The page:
The gross weight of an air shipment can be higher in value compared to its volumetric weight. This makes it the chosen chargeable weight for the cargo as shown in the below example.

**Shipment measurement:**

- Length (l) = 80cm
- Width (w) = 20cm
- Height (h) = 45cm
- Gross Weight = 5Kgs

**Step 1; ****Calculate the volume ****weight ****of the air freight shipment**

Volume weight= length X width X height

= 80cm x 20cmx 45cm

= 11.4Kg

**Step 2; ****Compare the gross weight with the volumetric weight**

volumetric weight vs gross weight = 11.4 kgs vs 9.5kgs

**Chargeable weight is the greater value which is ****11.4**** kgs.**

**How does Express Freight calculate Chargeable Weight?**

Express freight calculation methods:

There are three ways to measure the volume in practice:

**1 Standard package measurement method:**

The package is with a standard carton size,

The volume is calculated according to the length, height and width of the carton.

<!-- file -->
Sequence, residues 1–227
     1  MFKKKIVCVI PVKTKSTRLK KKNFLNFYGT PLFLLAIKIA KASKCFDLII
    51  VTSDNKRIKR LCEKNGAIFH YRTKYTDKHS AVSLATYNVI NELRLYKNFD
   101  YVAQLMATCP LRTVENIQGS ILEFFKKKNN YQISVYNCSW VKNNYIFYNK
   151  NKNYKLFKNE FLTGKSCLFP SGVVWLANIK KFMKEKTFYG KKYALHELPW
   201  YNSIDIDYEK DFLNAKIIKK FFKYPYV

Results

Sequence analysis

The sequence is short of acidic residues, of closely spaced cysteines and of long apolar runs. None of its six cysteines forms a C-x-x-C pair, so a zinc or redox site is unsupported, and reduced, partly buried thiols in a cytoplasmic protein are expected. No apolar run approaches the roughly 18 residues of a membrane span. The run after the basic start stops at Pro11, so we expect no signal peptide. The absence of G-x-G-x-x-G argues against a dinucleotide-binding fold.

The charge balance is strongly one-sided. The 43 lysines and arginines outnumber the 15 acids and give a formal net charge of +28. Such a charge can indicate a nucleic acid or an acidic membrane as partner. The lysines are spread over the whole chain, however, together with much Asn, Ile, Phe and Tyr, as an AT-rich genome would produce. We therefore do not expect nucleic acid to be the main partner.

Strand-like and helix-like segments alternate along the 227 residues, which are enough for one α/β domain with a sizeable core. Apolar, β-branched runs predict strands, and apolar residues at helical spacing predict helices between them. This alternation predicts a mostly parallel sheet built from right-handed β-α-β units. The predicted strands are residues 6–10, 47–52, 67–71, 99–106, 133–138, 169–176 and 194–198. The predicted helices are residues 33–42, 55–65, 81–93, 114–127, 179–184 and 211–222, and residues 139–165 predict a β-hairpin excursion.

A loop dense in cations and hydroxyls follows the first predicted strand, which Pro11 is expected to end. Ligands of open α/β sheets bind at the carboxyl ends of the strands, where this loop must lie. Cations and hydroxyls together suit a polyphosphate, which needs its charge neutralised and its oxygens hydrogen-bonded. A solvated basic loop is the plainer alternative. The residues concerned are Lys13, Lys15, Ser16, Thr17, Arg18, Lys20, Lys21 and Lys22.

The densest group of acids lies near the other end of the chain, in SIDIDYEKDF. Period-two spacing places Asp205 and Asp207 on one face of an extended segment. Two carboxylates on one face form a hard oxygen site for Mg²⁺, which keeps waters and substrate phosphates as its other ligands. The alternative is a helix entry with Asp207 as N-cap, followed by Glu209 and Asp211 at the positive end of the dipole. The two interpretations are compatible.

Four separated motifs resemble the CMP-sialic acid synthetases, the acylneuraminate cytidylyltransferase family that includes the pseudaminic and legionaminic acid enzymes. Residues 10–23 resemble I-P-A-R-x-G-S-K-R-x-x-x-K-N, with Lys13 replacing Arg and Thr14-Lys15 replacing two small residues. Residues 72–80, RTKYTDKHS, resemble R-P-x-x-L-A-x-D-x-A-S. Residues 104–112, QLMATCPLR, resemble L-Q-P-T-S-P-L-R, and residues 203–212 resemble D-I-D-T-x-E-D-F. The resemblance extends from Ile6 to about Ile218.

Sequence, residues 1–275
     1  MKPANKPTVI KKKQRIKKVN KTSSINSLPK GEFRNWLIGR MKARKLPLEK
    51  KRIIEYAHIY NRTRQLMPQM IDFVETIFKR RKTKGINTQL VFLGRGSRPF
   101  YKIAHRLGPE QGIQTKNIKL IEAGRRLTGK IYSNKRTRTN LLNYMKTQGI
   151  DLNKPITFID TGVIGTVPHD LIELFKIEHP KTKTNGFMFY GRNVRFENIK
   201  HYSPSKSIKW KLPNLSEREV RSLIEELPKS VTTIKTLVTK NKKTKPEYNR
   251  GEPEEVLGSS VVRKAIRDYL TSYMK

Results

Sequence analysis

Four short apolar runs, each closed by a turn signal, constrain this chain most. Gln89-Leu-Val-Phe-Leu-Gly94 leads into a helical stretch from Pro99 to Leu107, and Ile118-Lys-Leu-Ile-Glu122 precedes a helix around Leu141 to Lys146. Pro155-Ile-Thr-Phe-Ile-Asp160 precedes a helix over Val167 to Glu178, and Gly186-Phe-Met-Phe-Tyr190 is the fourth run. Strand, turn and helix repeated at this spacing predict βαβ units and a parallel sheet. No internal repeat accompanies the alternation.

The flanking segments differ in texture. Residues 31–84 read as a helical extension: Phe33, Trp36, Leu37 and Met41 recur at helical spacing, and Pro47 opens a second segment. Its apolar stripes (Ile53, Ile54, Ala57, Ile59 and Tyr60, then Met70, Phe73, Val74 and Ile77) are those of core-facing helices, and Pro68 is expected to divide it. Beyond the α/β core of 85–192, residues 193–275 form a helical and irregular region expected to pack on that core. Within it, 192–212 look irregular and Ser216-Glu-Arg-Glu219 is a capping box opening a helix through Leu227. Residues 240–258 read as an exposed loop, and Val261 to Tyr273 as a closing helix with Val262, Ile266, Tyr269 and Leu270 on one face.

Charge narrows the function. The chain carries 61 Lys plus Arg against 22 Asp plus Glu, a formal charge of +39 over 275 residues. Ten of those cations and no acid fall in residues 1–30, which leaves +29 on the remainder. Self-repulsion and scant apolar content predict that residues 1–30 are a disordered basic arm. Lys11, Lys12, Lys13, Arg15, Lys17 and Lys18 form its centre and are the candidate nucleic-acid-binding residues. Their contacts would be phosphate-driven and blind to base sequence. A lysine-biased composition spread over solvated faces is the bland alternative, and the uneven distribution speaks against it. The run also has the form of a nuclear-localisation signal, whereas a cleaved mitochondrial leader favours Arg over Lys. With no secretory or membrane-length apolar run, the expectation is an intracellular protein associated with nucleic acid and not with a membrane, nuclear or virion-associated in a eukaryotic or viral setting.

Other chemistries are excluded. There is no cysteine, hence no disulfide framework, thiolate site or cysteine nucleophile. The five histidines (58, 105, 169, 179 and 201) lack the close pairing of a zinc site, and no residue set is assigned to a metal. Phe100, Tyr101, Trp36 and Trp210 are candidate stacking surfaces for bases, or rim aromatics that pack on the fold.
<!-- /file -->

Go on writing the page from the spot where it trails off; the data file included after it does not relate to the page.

For example, DHL channel, package length 15cm, width 30cm, height 20cm,

Then the volume weight = (15 × 30 × 20) / 5000 = 1.8KG,

The actual weight is 1.2KG,

Then the parcel demensional weight calculated is 1.8KG.

The final DHL chargeable weight is 2KG.

**2 Surface package measurement method:**

If the package is squeezed by the goods, the plane of the box expands and deforms,

Then calculate according to the longest side of the package.

For example, DHL channel, the actual length of the carton is 15cm, 30cm, and 20cm;

Due to the extrusion of the goods, the length is 18cm, 33cm, and 22cm after sealing.

Then the volume weight = (18 × 33 × 22) / 5000 = 2.7 KG,